Research in the School of Social Policy

Within the School of Social Policy, we undertake innovative, exciting, applied research. We believe in research making impact and we aim to build into the research process itself, communities, policy makers and practitioners, so as to ensure that our research travels and impacts upon people's everyday lives. Our research is ethically driven and sensitive, and deeply resonates with local, national and international issues..

A series of broad research themes underpin the research activities of the School. These are:

Research expertise across the School currently sits within our Departments. The Health Services Management Centre organises its research around its five areas of work or specialisms:

In addition, there is an over-arching Participatory Research theme, which is cross-cutting across the School's research activities.

Research Centres

Research Groups

View all Health Services Management Centre (HSMC) research projects

View all Department of Social Policy and Social Work (SPSW) projects

Doctoral Training Centre status

The University of Birmingham has been selected as one of only 12 single institutions to receive 'Doctoral Training Centre' status from the ESRC. The award recognises the work of social science colleagues over the past two years in consolidating our research training programmes into the new MA Social Research, as well as the commitment to high quality doctoral supervision and the wider experience for doctoral researchers at Birmingham.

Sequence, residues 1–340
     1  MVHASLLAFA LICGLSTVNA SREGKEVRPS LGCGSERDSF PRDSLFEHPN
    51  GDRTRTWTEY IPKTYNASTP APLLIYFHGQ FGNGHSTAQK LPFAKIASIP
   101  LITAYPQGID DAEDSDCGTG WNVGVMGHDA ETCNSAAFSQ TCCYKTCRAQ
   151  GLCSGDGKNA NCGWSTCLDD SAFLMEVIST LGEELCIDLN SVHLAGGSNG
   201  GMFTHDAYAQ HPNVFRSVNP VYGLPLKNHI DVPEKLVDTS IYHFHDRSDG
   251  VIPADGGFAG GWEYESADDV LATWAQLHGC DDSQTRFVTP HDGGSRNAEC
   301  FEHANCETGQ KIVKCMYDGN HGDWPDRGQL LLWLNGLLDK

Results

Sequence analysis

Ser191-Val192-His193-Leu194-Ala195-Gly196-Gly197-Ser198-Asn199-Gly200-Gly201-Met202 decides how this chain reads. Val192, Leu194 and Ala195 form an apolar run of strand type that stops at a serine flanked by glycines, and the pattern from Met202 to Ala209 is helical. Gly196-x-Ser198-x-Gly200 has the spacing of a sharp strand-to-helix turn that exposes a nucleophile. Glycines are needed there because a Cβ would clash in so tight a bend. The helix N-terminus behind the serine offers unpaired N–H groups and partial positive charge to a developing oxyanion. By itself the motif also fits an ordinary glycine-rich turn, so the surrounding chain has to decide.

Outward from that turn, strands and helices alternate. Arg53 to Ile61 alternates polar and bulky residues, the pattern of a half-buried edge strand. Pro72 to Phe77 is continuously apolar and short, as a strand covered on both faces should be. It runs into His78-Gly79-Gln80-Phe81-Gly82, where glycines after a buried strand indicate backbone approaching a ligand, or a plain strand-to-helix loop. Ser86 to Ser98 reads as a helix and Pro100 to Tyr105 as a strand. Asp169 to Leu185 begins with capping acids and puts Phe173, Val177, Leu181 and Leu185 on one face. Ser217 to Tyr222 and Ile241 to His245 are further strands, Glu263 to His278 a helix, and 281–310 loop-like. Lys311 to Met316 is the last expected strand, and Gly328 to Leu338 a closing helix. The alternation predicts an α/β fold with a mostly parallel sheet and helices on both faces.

Professor Pete Alcock, Director, Doctoral Training Centre

ESRC Doctoral Training Centre

Research news

Posted 19 July 2016

Good Housing: Better Health

Against a backdrop of the ongoing consultation on the design of the new Energy Company Obligation (ECO) scheme, The Academic-Practitioner Partnership has published a paper to highlight the one-sided approach to housing policy.

Posted 13 July 2016

CHASM Annual Conference Report, 2016

On 15 June 2016, CHASM members were joined by around 50 delegates for their annual conference held this year in London. The theme of this year's event was 'Debt into Saving', which formed the basis of two lively panel sessions.